Martin is still a solid scorer and would definitely help a team out. His numbers were down but at 17.1 points per game they were still solid. Hope the trade works out well for both parties when it happens.
Sometimes identical twins are inseparable and they love it, sometimes they want their own space. Either way it's hard for them to escape being compared to one another, which is what's fixing to happen now.
Marcus Morris played in 17 games for the Rockets and averaged 2.4 points and 0.9 rebounds a game. His twin brother Markieff Morris appeared in 63 games with the Phoenix Suns and tallied 7.4 points, 4.4 rebounds, and one assist a night.
Who will come out on top this year? The Rockets still have a log jam at power forward but Luis Scola is now a member of the Suns and that will definitely impact Markieff's numbers.
Donatas Montiejunas' arrival is highly anticipated as well. At 7'0" and 222 pounds one can't help but think Ralph Sampson as far as slight builds are concerned.
Sampson is four inches taller and was only six pounds heavier when he played.
He can play both power forward and center, and provide some additional size for Omer Asik. His jumper is feathery soft and the big fella can drop dimes as well. It will be interesting to watch his transition.
Chandler Parsons had a solid rookie season. He averaged 9.5 points, 4.8 boards, 2.1 assists, 1.2 steals, and 0.5 blocks. He truly filled up the stat sheet in every since of the word. All of this in a lockout-shortened season.
Now he's back for his second go-round and he's looking to do bigger and better things. Oh and that little thing called training camp will be a huge boost this time around.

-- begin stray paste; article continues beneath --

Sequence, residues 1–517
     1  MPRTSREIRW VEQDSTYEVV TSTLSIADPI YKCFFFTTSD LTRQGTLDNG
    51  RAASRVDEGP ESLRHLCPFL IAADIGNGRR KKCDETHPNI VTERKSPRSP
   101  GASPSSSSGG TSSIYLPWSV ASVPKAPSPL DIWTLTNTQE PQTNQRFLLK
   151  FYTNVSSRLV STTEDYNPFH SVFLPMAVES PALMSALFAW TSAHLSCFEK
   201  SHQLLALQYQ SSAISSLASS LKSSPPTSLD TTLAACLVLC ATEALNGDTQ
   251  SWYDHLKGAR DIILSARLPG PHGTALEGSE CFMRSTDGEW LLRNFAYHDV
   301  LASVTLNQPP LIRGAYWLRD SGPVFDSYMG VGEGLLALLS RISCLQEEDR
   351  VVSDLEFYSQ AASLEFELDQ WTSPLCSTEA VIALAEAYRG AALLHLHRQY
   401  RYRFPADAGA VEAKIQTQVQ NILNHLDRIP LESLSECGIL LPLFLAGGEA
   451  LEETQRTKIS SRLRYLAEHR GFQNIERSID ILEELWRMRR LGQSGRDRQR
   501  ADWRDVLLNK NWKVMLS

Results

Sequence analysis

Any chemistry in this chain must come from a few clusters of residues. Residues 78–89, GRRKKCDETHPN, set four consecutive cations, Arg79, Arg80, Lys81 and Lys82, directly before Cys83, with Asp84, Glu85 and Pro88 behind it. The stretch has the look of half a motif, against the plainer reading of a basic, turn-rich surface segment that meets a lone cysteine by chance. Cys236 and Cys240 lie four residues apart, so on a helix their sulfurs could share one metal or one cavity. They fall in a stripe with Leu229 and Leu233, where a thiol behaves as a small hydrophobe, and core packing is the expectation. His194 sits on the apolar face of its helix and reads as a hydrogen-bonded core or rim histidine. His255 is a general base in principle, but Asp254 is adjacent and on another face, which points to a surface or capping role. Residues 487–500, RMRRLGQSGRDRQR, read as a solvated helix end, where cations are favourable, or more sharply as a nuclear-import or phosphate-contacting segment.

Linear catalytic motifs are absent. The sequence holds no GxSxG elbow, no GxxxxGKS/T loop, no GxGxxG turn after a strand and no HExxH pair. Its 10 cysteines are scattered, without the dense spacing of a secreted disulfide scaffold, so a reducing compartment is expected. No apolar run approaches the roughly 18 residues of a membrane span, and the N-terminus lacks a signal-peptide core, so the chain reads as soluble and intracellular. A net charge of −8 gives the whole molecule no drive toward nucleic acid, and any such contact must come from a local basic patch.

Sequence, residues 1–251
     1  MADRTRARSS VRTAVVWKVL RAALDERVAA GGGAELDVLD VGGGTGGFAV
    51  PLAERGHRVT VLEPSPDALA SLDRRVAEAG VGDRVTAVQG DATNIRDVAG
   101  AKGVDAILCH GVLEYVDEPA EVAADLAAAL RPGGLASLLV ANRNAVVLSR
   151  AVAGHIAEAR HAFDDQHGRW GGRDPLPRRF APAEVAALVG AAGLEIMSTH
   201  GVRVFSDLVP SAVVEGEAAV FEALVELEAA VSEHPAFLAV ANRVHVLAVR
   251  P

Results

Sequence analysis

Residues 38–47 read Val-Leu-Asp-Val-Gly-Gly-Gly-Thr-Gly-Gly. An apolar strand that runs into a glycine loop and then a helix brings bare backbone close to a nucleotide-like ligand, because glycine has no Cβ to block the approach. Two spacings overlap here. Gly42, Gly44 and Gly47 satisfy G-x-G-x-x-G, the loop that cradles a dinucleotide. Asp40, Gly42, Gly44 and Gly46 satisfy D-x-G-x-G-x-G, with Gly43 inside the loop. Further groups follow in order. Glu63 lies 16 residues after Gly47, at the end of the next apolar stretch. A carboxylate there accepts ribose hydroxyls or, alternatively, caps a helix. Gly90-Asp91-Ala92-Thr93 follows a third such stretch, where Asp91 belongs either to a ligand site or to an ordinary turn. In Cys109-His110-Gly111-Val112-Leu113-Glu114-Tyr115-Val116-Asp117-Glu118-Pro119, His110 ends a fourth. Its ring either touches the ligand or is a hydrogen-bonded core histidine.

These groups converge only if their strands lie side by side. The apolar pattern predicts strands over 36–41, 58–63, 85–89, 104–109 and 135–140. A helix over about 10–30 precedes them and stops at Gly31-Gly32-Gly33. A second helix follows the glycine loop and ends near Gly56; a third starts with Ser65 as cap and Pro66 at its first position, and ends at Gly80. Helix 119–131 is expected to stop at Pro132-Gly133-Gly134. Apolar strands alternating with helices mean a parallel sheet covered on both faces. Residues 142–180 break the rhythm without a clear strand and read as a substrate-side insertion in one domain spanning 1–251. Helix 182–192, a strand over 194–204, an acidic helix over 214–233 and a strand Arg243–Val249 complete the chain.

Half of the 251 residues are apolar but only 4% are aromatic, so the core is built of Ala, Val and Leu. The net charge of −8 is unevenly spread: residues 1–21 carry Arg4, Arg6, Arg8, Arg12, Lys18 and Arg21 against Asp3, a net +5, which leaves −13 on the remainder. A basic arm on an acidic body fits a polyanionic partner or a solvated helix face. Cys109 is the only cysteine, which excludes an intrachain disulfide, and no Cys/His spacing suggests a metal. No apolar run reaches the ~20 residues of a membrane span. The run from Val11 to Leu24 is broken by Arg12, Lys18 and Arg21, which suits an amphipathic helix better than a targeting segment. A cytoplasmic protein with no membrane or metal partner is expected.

Patrick Patterson is an interesting guy. He can go from being the man one instant, and seamlessly defer and give the spotlight up for others the next. He was a dominant high school player in the state of West Virginia.
He was the primary player at Kentucky while playing for Billy Gillispie no less, which is something in itself.
When John Wall and DeMarcus Cousins came to Lexington he took a step back and let them have the spotlight. Will he do the same thing now that Donatas Montiejunas has arrived? Patterson is no doubt aware of all the power forwards on the team. He may be a little more selfish for a change this time.
Greg Smith provides some more size and bulk. His .667 field goal percentage is the best in NBDL history for players who have played at least 400 minutes.
If he blossoms and brings some of that success with him to the NBA he'll do alright for himself.
Royce White is just another way of saying mismatch. Not everyone knows that yet, but it's only a matter of time. His unique blend of quickness, brute strength, and amazing passing ability are tough for anyone to deal with.
He was a one-man team at Iowa State. The Kentucky fan in me kept fussing at the Cats for not being able to contain him when the two teams met in the NCAA tournament last spring. They were allowing him to dominate and do his best Magic Johnson impersonation, or so I thought.
Turns out he did everyone that way. White, Lamb, and Jones will probably take ROY votes away from one another, but when the final numbers are tallied White will have the most.